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Plant root proliferation in nitrogen-rich patches confers competitive advantage

Robinson, D, Hodge, A, Griffiths, B S and Fitter, A H (1999) Plant root proliferation in nitrogen-rich patches confers competitive advantage. Proceedings of the Royal Society B: Biological Sciences. pp. 431-435. ISSN 1471-2954

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Plants respond to environmental heterogeneity, particularly below ground, where spectacular root proliferations in nutrient-rich patches may occur. Such 'foraging' responses apparently maximize nutrient uptake and are now prominent in plant ecological theory. Proliferations in nitrogen-rich patches are difficult to explain adaptively, however. The high mobility of soil nitrate should limit the contribution of proliferation to N capture. Many experiments on isolated plants show only a weak relation between proliferation and N uptake. We show that N capture is associated strongly with proliferation during interspecific competition for finite, locally available, mixed N sources, precisely the conditions under which N becomes available to plants on generally infertile soils. This explains why N-induced root proliferation is an important resource-capture mechanism in N-limited plant communities and suggests that increasing proliferation by crop breeding or genetic manipulation will have a limited impact on N capture by well-fertilized monocultures.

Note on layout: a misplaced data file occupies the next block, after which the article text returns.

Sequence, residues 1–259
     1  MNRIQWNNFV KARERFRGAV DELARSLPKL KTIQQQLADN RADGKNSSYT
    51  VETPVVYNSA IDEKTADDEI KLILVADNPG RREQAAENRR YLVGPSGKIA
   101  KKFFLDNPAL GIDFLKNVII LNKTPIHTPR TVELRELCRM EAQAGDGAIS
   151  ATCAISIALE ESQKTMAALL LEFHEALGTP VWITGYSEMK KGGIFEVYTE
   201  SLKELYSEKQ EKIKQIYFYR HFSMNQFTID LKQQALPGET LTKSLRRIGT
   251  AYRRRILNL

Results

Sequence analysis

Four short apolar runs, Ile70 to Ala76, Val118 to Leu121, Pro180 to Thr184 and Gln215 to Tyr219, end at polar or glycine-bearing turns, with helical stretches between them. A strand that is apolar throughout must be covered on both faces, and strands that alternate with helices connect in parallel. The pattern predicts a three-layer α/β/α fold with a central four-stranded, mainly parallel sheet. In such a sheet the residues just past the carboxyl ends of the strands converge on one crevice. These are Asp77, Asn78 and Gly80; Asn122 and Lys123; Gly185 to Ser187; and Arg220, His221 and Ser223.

Item Type: Article
Copyright, Publisher and Additional Information: Copyright © 1999 The Royal Society
Keywords: morphological plasticity, nutrient patch, nutrient uptake, plant competition, root proliferation, PHOSPHATE-UPTAKE, NITRATE, SOIL, GROWTH, RATES, HETEROGENEITY, ACQUISITION, PLASTICITY, GRASSLAND, SYSTEM
Institution: The University of York
Academic Units: The University of York > Biology (York)
Depositing User: Repository Officer
Date Deposited: 12 Jun 2006
Last Modified: 26 Mar 2015 07:36
Published Version: http://dx.doi.org/10.1098/rspb.1999.0656
Status: Published
Refereed: Yes
Related URLs:
URI: http://eprints.whiterose.ac.uk/id/eprint/1278

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